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    • Glenn Sermos

      most colorful stars in outer space - Yahoo Image Search Results

    • Tania Diaz Cortes | Space-time continuum in colour | O. Krause, et al., SSC, JPL, Caltech, NASA Why is the image of Cassiopeia changing? Two images of the nearby supernova remnant taken a year apart in infrared light appear to show outward motions at tremendous speeds. This was unexpected since the supernova that created the picturesque nebula was seen 325 years ago. The reason is likely light echoes. Light from the supernova heated up distant ambient dust that is just beginning to show its glow. As time goes by, more distant dust lights up, giving the appearance of outward motion. The above image is a composite of X-ray, optical, and infrared light exposures that have been digitally combined. The infrared light image was taken by the orbiting Spitzer Space Telescope and was used in the discovery of the light echo. The portion of Cassiopeia A shown spans about 15 light years and lies 10,000 light years away toward the constellation of Cassiopeia.

    • DG Fletcher

      Space... the final frontier...

    • Joyce Morse

      Meteorite From Supernova That Formed Solar System: What Do Sand Grains Tell Us? [PHOTO] By Staff Reporter on April 29, 2013 NASA’s Spitzer space telescope image of supernova remnant Cassiopeia A. The cyan dot just off center is all that remains of the star that exploded. (Photo: NASA/JPL-Caltech/ O. Krause (S)

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    These types of arcus clouds are typically associated with thunderstorms. Not to be confused with the similar shelf cloud, these rarities of nature occur when air temperatures invert and cause the warm air to be on top of the cool air. Wind then changes speed and direction and causes a rolling effect of these cylinder-type clouds. Roll clouds need just the right amount of moisture to occur. They look like a giant rolling pin across the sky!

    What causes these auroral displays? Once again, it's all about collision. This incredible light show occurs when the gaseous particles of the earth's atmosphere collide with the charged particles from the sun that enter the earth's atmosphere. Typically seen closer to the poles and during the equinoxes of the year, these fantastic displays appear in many colors, although green and pink are the most common.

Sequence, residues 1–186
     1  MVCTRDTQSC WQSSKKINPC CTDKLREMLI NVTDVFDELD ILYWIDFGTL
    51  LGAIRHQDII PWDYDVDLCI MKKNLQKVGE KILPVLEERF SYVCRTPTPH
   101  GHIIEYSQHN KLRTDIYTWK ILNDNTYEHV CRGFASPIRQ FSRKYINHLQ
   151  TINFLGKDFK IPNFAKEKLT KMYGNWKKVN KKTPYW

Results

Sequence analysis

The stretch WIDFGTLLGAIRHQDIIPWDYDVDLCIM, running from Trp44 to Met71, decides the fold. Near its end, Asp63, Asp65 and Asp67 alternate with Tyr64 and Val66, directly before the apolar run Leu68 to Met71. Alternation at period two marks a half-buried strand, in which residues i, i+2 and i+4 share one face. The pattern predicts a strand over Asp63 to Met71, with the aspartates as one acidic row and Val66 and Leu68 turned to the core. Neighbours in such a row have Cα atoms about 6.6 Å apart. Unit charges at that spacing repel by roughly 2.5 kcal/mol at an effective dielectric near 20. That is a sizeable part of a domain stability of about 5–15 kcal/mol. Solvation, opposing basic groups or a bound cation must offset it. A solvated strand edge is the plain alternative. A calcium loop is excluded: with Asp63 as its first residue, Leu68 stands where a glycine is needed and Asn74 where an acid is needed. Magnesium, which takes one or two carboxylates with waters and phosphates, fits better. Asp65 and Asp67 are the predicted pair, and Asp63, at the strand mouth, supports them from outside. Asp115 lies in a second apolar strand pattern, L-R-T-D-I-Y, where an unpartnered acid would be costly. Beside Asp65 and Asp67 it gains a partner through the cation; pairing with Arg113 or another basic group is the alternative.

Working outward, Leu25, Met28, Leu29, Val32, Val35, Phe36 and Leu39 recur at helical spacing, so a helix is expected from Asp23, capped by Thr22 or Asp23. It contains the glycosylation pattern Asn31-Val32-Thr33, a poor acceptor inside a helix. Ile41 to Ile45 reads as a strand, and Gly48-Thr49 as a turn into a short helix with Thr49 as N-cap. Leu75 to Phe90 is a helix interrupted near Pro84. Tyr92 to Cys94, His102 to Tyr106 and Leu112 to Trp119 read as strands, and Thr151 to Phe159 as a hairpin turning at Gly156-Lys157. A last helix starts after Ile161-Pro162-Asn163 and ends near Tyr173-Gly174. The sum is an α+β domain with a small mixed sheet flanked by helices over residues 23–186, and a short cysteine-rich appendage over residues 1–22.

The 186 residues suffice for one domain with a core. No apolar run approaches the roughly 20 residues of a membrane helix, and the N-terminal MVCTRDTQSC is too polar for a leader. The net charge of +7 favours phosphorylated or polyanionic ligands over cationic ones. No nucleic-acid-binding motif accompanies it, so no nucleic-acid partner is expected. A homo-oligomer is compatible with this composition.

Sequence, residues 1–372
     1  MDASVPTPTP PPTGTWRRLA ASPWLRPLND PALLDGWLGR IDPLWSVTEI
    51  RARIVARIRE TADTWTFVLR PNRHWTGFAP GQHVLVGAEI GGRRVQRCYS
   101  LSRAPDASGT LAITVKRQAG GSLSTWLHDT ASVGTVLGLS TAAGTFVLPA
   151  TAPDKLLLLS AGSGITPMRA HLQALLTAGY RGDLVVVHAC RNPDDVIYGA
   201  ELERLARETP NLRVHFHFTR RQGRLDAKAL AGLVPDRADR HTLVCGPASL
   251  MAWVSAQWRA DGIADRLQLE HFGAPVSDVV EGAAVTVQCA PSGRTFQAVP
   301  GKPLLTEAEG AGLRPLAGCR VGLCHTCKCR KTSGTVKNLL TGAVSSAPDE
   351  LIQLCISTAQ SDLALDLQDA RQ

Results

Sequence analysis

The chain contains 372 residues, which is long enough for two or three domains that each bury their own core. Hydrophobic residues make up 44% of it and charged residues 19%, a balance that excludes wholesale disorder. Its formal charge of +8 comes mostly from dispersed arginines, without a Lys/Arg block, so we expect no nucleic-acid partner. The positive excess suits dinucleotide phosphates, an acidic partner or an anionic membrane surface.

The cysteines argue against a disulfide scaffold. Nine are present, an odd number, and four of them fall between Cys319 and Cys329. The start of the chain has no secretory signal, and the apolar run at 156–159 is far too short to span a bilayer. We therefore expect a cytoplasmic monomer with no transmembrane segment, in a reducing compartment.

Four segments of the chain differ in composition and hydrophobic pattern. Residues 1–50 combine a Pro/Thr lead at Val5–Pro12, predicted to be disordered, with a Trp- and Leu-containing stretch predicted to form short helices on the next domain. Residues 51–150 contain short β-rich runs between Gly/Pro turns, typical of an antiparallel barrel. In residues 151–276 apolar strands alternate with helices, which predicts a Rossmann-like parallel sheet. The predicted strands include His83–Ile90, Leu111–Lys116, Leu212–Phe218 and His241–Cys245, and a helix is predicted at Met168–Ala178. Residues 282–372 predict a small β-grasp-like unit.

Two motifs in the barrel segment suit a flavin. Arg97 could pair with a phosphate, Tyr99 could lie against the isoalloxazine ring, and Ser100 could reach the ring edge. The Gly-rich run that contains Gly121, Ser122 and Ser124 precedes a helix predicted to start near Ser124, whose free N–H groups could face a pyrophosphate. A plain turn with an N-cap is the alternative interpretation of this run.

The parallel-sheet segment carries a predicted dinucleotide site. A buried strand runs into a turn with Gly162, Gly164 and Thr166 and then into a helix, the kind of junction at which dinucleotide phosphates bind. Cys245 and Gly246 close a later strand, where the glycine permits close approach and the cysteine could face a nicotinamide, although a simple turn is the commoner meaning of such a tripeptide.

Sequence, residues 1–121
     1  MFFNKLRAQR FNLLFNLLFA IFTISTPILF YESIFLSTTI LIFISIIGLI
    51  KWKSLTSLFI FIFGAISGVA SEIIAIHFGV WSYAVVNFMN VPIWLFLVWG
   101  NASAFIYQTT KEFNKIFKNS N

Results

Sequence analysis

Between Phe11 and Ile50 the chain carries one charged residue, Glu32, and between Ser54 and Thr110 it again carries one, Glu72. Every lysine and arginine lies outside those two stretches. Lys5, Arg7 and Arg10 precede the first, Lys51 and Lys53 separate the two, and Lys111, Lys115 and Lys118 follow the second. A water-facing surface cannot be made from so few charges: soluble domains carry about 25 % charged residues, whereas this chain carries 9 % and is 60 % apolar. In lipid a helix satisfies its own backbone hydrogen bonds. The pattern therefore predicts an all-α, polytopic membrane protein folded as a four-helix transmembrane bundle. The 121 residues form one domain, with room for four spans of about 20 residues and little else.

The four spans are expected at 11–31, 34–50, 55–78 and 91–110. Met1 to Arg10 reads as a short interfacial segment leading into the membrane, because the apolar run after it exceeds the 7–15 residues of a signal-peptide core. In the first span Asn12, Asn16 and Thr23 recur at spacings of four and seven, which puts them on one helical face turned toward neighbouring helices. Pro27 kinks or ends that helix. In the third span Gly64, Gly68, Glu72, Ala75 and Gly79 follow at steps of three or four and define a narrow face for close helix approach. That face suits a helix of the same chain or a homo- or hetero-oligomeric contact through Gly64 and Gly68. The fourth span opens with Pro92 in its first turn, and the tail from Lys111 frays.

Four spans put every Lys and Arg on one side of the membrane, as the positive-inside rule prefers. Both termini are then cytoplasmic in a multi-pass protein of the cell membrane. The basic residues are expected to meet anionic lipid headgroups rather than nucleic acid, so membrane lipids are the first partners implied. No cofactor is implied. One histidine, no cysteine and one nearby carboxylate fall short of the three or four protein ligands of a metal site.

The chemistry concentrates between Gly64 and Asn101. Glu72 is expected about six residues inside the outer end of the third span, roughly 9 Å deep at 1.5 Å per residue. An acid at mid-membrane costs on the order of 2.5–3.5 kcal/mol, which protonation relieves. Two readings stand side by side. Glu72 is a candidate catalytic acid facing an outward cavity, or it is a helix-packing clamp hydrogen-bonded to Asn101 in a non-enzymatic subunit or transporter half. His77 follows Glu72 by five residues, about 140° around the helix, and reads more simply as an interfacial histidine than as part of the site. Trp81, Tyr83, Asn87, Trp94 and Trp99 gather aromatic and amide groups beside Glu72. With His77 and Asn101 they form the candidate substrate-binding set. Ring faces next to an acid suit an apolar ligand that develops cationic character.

Technically known as a circumhorizontal arc, conditions have to be very precise for these rainbows to occur. They usually occur during the summer months – the sun has to be at an elevation of 58° or greater with high altitude cirrus clouds and sunlight entering the ice crystals of the clouds at just the right angle. These are some big clouds too, my friend! Also known as an ice halo, the circumhorizontal arc is actually neither fire nor a rainbow.

    Catatumbo lightning occurs only over the mouth of the Catatumbo River in Venezuela where it empties into Lake Maracaibo. Warm and cold fronts meet creating the perfect condition for this lightning. Add nearby marshes emitting methane gas which in turn improve the electrical conductivity of the clouds and voila! You've got one badass atmospheric phenomenon

    Cirrocumulus or altocumulus clouds containing super-cooled water that can't freeze without a tiny particle to cling to cause fallstreak holes. Scientists believe that when airplanes fly through these clouds they start the process of ice forming and crystallizing. Air passing around an airplane's propellers or wings makes the air expand and cool rapidly and ice crystals form, then drop below a cloud long after a plane has passed through it.


    Australian night sky

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    NASA tweeted this image of live HD Earth viewing from the space station on May 2, 2014. NASA Now Streaming Live HD Camera Views of Earth from Space (Video)


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    Space by Nasa®

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    As above, so below